In our Design Department, how to reuse and re-appropriate our materials and resources is always on our minds. It seems that the best new ideas often come from challenging ourselves to rethink the simplest everyday processes. In this case, that simple process was the act of using wood stain on our inventory of wood risers, boards and display pieces. I knew we could create a sustainable alternative.
I was familiar with making homemade fabric dyes from vegetables, but had never tried to use them on any other material. We started the project by collecting veggie waste from our kitchen: the skins of avocados and onions, wilting red cabbage and spinach, beets as well as a few vibrantly-colored spices. The process to make a dye is quite simple. You are essentially simmering the vegetable in water until you reach your desired color. The more of the vegetable or spice, the longer the simmer, the deeper the color. The most inspiring part of the process comes once the base color is created and you begin altering the PH levels. A single dye can become an entire spectrum of cool and warm tones.
Fabrics made using turmeric dye.
Each month at GP we host a company-wide breakfast and it often serves as a great place to test new ideas. In the week leading up to the meeting, the design team spent their evenings boiling down vegetables and experimenting with how the different colors take to different materials. We used our best test pieces to create napkins, table runners and wood serving boards for the breakfast. The vegetables and spices used in our dyes were also incorporated into the food served, like the Baked Eggs en Croute with spinach pictured below.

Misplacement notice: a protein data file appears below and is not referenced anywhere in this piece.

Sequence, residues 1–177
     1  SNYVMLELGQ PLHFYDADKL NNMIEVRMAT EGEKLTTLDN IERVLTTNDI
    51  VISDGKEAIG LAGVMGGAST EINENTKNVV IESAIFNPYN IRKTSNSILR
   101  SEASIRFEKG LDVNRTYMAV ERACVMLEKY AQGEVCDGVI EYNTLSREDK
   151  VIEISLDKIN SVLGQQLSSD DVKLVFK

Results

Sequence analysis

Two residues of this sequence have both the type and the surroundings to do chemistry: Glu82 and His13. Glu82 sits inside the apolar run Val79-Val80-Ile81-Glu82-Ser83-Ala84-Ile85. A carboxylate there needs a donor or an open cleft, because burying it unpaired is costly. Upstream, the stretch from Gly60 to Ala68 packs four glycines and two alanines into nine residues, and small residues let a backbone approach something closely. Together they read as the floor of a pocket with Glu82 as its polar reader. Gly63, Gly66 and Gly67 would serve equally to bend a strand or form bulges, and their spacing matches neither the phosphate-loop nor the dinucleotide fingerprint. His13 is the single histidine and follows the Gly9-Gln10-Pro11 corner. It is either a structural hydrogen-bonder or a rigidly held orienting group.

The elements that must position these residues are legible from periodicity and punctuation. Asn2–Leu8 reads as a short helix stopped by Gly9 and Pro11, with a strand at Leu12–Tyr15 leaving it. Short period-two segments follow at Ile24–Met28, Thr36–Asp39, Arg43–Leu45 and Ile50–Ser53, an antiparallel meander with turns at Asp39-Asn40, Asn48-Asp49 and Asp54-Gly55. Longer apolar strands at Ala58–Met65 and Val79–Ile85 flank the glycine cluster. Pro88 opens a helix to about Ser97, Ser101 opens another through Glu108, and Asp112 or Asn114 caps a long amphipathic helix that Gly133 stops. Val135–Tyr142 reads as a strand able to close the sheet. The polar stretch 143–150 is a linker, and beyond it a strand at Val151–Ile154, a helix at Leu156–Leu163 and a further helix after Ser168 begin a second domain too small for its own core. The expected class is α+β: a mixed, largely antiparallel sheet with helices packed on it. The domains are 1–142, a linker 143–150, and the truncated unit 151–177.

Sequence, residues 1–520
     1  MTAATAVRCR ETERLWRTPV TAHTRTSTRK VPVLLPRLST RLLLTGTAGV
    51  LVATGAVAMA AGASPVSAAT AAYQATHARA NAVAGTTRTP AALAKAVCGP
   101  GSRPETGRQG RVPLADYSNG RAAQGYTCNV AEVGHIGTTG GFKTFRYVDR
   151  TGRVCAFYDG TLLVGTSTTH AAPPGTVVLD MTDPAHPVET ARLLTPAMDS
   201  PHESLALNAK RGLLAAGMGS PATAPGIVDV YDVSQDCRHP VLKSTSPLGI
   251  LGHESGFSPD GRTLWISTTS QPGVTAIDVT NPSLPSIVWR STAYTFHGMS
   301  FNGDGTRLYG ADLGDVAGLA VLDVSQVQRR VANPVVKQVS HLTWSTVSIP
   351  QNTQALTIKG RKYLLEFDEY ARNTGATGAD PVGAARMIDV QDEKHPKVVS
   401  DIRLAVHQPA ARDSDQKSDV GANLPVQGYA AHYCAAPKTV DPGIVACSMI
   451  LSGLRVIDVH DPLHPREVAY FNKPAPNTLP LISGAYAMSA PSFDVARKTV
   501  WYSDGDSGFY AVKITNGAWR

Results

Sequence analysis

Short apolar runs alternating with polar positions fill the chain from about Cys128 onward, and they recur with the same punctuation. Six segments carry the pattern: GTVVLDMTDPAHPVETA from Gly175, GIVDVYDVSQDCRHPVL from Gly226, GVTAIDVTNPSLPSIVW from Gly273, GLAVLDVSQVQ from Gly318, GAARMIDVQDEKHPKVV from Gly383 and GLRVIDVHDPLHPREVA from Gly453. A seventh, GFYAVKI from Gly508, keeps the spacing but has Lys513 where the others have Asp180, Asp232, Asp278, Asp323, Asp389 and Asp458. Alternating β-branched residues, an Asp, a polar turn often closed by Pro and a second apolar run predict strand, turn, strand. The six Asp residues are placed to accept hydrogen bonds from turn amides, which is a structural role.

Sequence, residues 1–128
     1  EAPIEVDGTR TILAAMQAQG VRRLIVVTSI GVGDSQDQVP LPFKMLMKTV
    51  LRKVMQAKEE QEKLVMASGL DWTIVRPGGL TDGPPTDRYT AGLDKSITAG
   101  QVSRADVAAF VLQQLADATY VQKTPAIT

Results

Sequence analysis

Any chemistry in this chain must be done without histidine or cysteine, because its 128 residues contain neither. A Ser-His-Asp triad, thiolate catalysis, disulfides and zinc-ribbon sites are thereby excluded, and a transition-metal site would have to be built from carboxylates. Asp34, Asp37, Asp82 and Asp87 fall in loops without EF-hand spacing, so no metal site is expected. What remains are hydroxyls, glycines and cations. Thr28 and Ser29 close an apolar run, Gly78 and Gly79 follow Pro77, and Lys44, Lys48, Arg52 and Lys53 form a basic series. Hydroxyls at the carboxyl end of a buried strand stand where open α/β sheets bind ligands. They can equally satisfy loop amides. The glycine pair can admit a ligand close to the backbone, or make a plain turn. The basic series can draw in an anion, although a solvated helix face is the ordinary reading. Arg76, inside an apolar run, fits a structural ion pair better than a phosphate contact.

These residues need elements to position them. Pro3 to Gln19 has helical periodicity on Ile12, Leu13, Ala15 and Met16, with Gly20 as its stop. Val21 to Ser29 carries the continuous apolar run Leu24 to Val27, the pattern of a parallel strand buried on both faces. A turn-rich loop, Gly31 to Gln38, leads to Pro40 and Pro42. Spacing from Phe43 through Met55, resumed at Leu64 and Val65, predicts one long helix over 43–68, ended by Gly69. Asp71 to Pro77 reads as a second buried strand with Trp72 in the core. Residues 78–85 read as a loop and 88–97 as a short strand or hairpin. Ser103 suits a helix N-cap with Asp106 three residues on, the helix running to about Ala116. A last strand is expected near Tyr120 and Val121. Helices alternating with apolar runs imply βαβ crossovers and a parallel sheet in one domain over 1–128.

A variety of the the dyed fabrics and woods used at the breakfast and the Baked Eggs en Croute served at the breakfast.
The internet is a wealth of “how-to’s” for vegetable dyes, but below are the steps I followed to create a lovely wood stain from a bit of red cabbage past its crunchy prime. There are no hard rules, the best results will come from experimenting!
Simmering red onion (same process as the red cabbage below) and the resulting fabric dyed with the red onion.
1-2 heads Red cabbage
Distilled Vinegar, amount depends on desired dye color
Baking Soda, amount depends on desired dye color
Bring water to a boil in a large nonreactive stainless steel pot (2 to 1 ratio water to vegetable).
Chop 1-2 heads of red cabbage. (To reduce mess, wrap cabbage in cheesecloth before adding to water.)
Once water is boiling, add cabbage.
Reduce heat and simmer for one hour. At the point, you can remove from heat and let sit overnight for increased vibrancy.
Remove cabbage from dye. (For increased vibrancy, you can remove from heat and let sit overnight.)
Now that the base color has been achieved, you can begin experimenting with changing the PH level.
By adding acid (vinegar), the color tends to become more vibrant. A subtle red cabbage purple will become a saturated hot pink.
By increasing the alkaline (baking soda), that same purple dye becomes a cool grey blue.
Experiment in small batches until you get you desired hue and then apply that recipe to the larger batch of dye.
If you are staining a smaller piece of wood, you can transfer the dye to a vessel large enough to hold your object and let it soak completely covered in dye.
For larger pieces, apply stain with a rag in the same way you would wipe on a wood stain.
Let dry, then apply additional coats until desired color is achieved.
Rub with olive oil to set.